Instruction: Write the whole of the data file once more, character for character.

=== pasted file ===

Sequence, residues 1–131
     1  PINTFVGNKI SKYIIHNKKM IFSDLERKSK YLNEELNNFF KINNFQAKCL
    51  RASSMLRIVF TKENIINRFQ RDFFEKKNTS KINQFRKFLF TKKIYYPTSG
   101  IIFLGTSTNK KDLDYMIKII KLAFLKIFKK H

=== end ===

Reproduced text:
Sequence, residues 1–131
     1  PINTFVGNKI SKYIIHNKKM IFSDLERKSK YLNEELNNFF KINNFQAKCL
    51  RASSMLRIVF TKENIINRFQ RDFFEKKNTS KINQFRKFLF TKKIYYPTSG
   101  IIFLGTSTNK KDLDYMIKII KLAFLKIFKK H